Drepung was the principal seat of the Gelugpa school and it retained the premier place amongst the four great Gelugpa monasteries. The Ganden Phodrang in Drepung was the residence of the Dalai Lamas until the Great Fifth Dalai Lama constructed the Potala. Drepung was known for the high standards of its academic study, was called the Nalanda of Tibet, a reference to the great Buddhist monastic university of India. Old records show that there were two centres of power in Drepung: the so-called lower chamber associated with the Dalai Lamas-to-be, the upper chamber associated with the descendants of Sonam Drakpa, an illustrious teacher who died in 1554; the estate of the Dalai Lamas at Drepung Monastery, called Ganden Phodrang, had been constructed in 1518 by Gendun Gyatso Palzangpo, retrospectively named and counted as 2nd Dalai Lama. The name of the Tibetan government established by the 5th Dalai Lama came from the name of this estate. Penchen Sönam Drakpa in 1535 succeeded Gendün Gyatso on the Throne of Drepung, both of them being major figures in the history of the Geluk tradition.
By the time Sönam Drakpa was appointed to the Throne of Drepung, he was a famous Geluk master. He had occupied the Throne of Ganden and was considered the most prolific and important Geluk thinker of his time, his successor was none other than Sönam Gyatso, the lama who would receive the official title of the Third Dalai Lama. Before his death in 1554, Sönam Drakpa established his own estate, the Upper Chamber, named because of its location at the top of Drepung, just below the Ngakpa debating courtyard "Ngagpa Dratshang". Tibetan Buddhist Resource Center attributes the following Name variants to Penchen Sönam Drakpa: "bsod nams grags pa, paN chen bsod nams grags pa, khri 15 bsod nams grags pa, rtses thang paN chen bsod nams grags pa, gzims khang gong ma 01 bsod nams grags pa, this last one referring to the Seat of the Upper Chamber established in 1554. According to TBRC his successors referring to the estate of the Zimkhang Gongma were Sonam Yeshe Wangpo, Sonam Gelek Palzang and Tulku Dragpa Gyaltsen - connected to the famous story of Dorje Shugden..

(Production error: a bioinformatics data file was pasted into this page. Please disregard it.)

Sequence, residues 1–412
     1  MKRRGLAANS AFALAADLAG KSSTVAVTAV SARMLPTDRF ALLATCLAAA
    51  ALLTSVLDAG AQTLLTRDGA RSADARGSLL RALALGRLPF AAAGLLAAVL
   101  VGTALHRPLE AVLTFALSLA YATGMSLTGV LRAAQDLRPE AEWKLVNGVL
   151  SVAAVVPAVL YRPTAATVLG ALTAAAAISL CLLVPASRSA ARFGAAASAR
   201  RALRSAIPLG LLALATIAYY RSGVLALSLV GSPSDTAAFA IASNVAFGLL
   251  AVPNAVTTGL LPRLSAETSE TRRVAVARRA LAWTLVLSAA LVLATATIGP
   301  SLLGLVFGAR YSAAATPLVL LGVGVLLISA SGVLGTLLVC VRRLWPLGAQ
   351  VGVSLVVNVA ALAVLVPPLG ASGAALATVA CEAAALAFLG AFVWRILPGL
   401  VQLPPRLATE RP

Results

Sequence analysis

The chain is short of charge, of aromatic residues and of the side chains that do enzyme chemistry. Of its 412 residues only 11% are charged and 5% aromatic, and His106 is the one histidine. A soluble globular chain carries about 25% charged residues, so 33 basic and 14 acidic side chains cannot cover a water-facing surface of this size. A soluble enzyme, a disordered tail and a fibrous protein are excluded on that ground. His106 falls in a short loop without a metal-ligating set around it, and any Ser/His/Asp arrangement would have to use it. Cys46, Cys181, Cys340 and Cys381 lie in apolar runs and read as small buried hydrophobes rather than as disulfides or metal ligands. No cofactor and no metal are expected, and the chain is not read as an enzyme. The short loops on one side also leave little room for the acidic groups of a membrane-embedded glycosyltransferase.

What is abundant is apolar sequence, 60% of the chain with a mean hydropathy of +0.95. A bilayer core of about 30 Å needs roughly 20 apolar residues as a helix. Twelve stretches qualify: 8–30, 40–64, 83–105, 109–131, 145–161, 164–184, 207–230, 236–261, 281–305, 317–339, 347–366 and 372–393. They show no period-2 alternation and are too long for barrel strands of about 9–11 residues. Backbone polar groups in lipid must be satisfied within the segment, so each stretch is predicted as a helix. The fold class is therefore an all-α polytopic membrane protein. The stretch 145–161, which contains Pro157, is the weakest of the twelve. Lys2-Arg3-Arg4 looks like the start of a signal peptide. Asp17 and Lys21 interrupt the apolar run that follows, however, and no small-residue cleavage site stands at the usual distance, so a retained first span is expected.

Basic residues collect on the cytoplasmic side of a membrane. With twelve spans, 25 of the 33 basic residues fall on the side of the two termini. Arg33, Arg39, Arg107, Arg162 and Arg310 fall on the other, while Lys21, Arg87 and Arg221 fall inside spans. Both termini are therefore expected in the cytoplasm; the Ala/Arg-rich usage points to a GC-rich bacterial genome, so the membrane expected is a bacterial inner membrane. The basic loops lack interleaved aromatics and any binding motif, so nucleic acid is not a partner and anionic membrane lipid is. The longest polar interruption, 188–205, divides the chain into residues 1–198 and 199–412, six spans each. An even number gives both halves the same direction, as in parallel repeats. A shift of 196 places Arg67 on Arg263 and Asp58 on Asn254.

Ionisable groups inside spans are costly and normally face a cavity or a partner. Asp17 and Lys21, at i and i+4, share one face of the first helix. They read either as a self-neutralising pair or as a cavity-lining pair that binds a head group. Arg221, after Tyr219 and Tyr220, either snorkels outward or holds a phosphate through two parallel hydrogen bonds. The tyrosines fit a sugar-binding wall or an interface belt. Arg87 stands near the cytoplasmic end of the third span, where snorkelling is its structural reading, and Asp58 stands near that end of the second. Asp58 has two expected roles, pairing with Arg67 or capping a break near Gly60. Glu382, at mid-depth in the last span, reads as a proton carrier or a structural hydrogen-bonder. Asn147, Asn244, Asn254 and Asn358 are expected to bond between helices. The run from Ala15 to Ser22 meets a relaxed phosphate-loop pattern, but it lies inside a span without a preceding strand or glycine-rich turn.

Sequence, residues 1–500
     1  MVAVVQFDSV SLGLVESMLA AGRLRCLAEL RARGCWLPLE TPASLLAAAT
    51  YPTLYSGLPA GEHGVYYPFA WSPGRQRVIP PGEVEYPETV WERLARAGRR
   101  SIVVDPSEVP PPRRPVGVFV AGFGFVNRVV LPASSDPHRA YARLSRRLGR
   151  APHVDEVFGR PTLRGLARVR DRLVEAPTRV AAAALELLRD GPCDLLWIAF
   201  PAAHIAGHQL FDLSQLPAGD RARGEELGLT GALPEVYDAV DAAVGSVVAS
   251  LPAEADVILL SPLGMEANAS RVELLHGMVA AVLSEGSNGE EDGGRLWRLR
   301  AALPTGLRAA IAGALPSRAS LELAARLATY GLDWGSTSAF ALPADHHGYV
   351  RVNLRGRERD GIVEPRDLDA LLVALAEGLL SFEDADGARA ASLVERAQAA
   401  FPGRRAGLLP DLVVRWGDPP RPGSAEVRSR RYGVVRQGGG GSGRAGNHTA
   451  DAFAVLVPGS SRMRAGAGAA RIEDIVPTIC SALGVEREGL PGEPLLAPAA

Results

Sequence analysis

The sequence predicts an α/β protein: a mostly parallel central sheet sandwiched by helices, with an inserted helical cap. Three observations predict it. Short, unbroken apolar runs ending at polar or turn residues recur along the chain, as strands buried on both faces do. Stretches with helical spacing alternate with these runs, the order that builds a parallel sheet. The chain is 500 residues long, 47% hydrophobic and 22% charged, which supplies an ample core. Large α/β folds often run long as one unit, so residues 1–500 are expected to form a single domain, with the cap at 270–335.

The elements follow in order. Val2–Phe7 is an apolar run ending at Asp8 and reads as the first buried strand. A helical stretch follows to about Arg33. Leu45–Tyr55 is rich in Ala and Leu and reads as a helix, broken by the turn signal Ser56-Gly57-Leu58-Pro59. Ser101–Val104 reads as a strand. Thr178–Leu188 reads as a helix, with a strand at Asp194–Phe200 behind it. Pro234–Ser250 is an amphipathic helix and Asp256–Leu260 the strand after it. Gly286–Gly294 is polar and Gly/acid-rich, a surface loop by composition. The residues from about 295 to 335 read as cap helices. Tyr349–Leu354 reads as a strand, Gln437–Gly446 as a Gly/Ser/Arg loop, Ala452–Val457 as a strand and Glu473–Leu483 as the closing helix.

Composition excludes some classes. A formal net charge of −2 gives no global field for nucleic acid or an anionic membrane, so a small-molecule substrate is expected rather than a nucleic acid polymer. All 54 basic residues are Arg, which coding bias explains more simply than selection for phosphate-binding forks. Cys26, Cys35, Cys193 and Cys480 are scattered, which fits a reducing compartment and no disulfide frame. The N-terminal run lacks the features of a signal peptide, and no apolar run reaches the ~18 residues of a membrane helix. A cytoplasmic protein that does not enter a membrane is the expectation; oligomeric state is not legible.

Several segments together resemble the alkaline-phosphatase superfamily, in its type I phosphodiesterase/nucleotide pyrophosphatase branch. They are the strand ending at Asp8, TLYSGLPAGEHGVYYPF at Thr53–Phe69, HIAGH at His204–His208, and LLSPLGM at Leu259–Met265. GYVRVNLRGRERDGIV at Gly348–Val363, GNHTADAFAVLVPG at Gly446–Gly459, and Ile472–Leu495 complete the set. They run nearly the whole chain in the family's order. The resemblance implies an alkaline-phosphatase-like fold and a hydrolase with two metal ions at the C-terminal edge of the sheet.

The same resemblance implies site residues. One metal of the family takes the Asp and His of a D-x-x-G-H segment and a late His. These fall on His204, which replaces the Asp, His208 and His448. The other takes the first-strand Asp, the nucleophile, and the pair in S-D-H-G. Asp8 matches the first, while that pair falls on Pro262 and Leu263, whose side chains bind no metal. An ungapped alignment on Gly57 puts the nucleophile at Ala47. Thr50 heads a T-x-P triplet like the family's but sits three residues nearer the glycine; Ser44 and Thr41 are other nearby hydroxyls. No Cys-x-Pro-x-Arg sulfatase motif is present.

It seems to be accepted that Dragpa Gyaltsen was the fourth holder of the gzims khang gong ma incarnation line. According to Tibetan Buddhist Resource Center gzims khang gong ma 04 grags pa rgyal mtshan has been his "primaryTitle". Since the search for his reincarnation has been banned, he has been the last one. Chapman reported that in the late 1930s Drepung was divided into four colleges, each housing monks from a different locality: "one being favoured by Khampas, another by Mongolians, so on." Each college was presided over by an abbot, appointed by the late 13th Dalai Lama. Drepung is now divided into what are known as the seven great colleges: Gomang, Deyang, Gyelwa or Tosamling and Ngagpa, it can be a somewhat useful analogy to think of Drepung as a university along the lines of Oxford or the Sorbonne in the Middle Ages, the various colleges having different emphases, teaching lineages, or traditional geographical affiliations. According to local sources, today the population at the monastery in Lhasa is about 300 monks, due to population capping enforced by the Chinese government.